By Anna Merlan
By Lee Escobedo
By Alice Laussade
By Scott Reitz
By Claire Lawton
By Kiernan Maletsky
By Anna Merlan
Fifteen years ago (December 4, 1998) an unusual movie was released, and roundly rejected: director Gus Van Sant’s off-puttingly faithful remake of Alfred Hitchcock’s Psycho. Fresh off the critical and commercial success of Good Will Hunting, Van Sant could’ve tried for another feel-good hit or a high-profile for-hire gig. Instead, he cashed in all his mainstream chips to not only put his hands all over an untouchable classic, but to do it in the strangest way: He used the original script with only minor modifications, he re-recorded the same score, and, in many scenes, he even mimicked Hitchcock’s compositions and camera moves, causing his Psycho to be labeled a “shot-for-shot remake,” though that’s an exaggeration.
Psycho ‘98 opened to poor reviews, though not as harsh as those of Van Sant’s five-years-earlier Tom Robbins adaptation, Even Cowgirls Get the Blues. While that fiasco has been largely forgotten, the Psycho remake’s infamy continues to grow. I know from conversations with friends and movie fans on the Internet that the topic brings forth a violent bitterness normally reserved for discussion of Star Wars prequels. As recently as this year, Entertainment Weekly readers named it the No. 1 worst movie remake.
But they’re wrong. I’m not going to sit here and tell you that Van Sant’s Psycho works, but it absolutely is misunderstood. People look at it as a normal commercial movie with normal commercial motives. This is not Michael Bay’s production company, Platinum Dunes, buying up Friday the 13th and The Amityville Horror as brand names to repackage for today’s youth. This is an independent, outsider director, based in Portland, finding unexpected Hollywood success and using that window of opportunity to perform an experiment that 1) nobody else would be likely to do and 2) could only really be done with studio resources.
What it isn’t
In the 15 years before Van Sant’s Psycho, I count around eight remakes of beloved horror movies, including David Cronenberg’s The Fly, Tom Savini’s Night of the Living Dead, and Abel Ferrara’s Body Snatchers. But in the 15 years since they’ve practically become a genre to themselves, with upwards of 35 remakes of horror classics (depending on how you define “classics”), including new versions of Black Christmas, Carrie, Dawn of the Dead, Day of the Dead, The Evil Dead, Halloween, A Nightmare on Elm Street, The Omen, and The Texas Chain Saw Massacre, to name a few. Some of these are fun; most are stylish but dull, seemingly made by people with no clue what made their predecessors so powerful. All of them try to “reimagine” their stories to appeal to a new generation, making the monsters bigger or faster, giving the killers backstories of childhood heartbreak, putting cell phones in the victims’ hands, sometimes adding contemporary music or removing thoughtful subtext.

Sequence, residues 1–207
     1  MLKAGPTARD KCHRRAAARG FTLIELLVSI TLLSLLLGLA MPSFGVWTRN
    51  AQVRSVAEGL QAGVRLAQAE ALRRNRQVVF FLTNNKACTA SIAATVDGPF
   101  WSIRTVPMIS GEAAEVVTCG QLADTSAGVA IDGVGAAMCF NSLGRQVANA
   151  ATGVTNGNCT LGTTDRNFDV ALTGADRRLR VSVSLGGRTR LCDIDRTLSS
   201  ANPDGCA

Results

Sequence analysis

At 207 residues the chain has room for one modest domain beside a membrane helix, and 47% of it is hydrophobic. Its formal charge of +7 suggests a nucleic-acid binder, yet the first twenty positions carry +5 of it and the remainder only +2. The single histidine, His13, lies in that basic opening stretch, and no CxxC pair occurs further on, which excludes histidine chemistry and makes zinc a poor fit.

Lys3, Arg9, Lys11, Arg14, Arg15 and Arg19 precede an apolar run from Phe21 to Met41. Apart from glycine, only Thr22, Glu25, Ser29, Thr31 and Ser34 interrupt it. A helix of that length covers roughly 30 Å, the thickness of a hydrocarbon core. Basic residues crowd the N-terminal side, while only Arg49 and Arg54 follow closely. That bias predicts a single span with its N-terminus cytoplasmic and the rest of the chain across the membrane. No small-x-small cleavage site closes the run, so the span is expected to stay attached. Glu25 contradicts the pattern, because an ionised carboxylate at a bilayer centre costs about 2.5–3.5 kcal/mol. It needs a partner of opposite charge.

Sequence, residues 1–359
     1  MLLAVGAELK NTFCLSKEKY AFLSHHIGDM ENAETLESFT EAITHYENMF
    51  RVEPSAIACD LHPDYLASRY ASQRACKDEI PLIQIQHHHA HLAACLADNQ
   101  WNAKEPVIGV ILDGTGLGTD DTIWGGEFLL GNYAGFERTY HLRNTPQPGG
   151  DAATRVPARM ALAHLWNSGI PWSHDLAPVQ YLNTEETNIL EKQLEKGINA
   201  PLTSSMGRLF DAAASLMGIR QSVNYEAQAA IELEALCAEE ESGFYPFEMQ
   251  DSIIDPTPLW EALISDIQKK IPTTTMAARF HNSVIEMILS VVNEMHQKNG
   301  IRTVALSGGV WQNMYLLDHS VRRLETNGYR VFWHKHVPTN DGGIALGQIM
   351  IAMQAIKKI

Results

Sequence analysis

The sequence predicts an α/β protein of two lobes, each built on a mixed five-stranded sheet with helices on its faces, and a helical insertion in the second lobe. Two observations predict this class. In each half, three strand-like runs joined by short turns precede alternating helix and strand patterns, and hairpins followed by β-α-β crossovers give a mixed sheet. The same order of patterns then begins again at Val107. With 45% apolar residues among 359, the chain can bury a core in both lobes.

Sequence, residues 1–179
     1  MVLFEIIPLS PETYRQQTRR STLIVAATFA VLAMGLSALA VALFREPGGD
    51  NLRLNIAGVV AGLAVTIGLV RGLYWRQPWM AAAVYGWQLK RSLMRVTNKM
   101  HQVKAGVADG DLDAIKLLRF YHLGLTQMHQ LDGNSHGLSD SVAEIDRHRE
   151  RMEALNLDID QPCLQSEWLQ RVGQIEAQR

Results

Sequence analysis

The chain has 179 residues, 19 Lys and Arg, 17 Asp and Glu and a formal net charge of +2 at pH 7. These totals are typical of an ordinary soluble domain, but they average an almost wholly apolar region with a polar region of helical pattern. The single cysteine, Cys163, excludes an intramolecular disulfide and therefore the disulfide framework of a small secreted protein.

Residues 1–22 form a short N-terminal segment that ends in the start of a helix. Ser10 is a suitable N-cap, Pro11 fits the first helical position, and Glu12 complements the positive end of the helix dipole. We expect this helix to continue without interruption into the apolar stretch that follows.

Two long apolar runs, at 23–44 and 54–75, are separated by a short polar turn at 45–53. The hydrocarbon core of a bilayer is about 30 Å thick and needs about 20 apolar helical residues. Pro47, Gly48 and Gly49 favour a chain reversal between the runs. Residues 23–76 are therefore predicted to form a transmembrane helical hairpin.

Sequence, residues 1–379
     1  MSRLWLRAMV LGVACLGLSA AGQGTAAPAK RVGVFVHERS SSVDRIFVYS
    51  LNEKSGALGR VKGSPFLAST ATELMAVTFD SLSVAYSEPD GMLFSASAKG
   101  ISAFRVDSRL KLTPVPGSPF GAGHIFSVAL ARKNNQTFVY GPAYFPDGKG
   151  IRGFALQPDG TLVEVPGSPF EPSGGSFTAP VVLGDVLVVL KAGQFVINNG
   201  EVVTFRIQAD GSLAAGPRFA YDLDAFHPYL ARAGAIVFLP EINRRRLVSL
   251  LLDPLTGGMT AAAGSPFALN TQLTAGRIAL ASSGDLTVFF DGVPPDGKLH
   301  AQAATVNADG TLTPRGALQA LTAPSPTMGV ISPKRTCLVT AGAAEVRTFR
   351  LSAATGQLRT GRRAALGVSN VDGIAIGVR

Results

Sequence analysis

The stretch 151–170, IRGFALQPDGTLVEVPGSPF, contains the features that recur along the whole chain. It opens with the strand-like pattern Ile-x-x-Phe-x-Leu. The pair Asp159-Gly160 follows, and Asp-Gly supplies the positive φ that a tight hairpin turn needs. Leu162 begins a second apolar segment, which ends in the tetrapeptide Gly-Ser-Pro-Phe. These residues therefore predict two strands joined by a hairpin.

Van Sant spends less time reinventing than re-creating, and he recruited an all-star team to do it. Original screenwriter Joseph Stefano was hired for the “rewrite” (things like changing the stolen $40,000 to $400,000 and the $10 hotel bill to $36.50). Pablo Ferro, famed title designer going back to Dr. Strangelove, “adapted” Saul Bass’s original credits sequence, changing the names and tinting the bars green. Danny Elfman and Steve Bartek re-orchestrated Bernard Herrmann’s unforgettable score. Avant garde composer Wayne Horvitz provided “additional sound design” and an end credits duet with guitarist Bill Frisell that riffs on Herrmann’s themes. American Werewolf in London makeup genius Rick Baker is one of three names credited with designing the new Mother dummy. Even the kitchen knife, according to the credits, has a pedigree: It was provided by Hard Boiled director John Woo. The remaker given the most leeway must have been Christopher Doyle, the cinematographer revered for his work with director Wong Kar-wai. He had to copy some of the existing compositions, but at least he got to shoot them in garish color.
What it is
Going to such great lengths to duplicate a work of art that already exists may seem befuddling in the context of big-opening-weekend-equals-profit horror remakes. But Psycho ‘98 has more in common with an obscure projected called Flooding with Love for the Kid, in which actor Zachary Oberzan adapts the entire novel First Blood by David Morrell in his apartment with his camcorder and only himself to play every part, from John Rambo to the pack of bloodhounds that track him. Or maybe it’s more similar to Raiders of the Lost Ark: The Adaptation, the backyard Spielberg remake by 12-year-olds. Or YouTube clips where enthusiastic fans remake their favorite movies with Legos or video game characters.
Of course, these homegrown projects have an underdog quality and amateurish charm that a $60 million Universal Studios production can’t. Otherwise, though, they work in similar ways. They aren’t trying to best or replace their source material, or make it palatable to young audiences. They instead work in relation to the original. Without having seen Raiders of the Lost Ark, you couldn’t appreciate the ingenuity of those kids replacing a Nazi-sympathizing monkey with somebody’s wiener dog. And without a familiarity with the real Psycho, there’s no point in seeing the counterfeit. These are companion pieces, part cover song, part new production of a play, part stunt, and part tribute.
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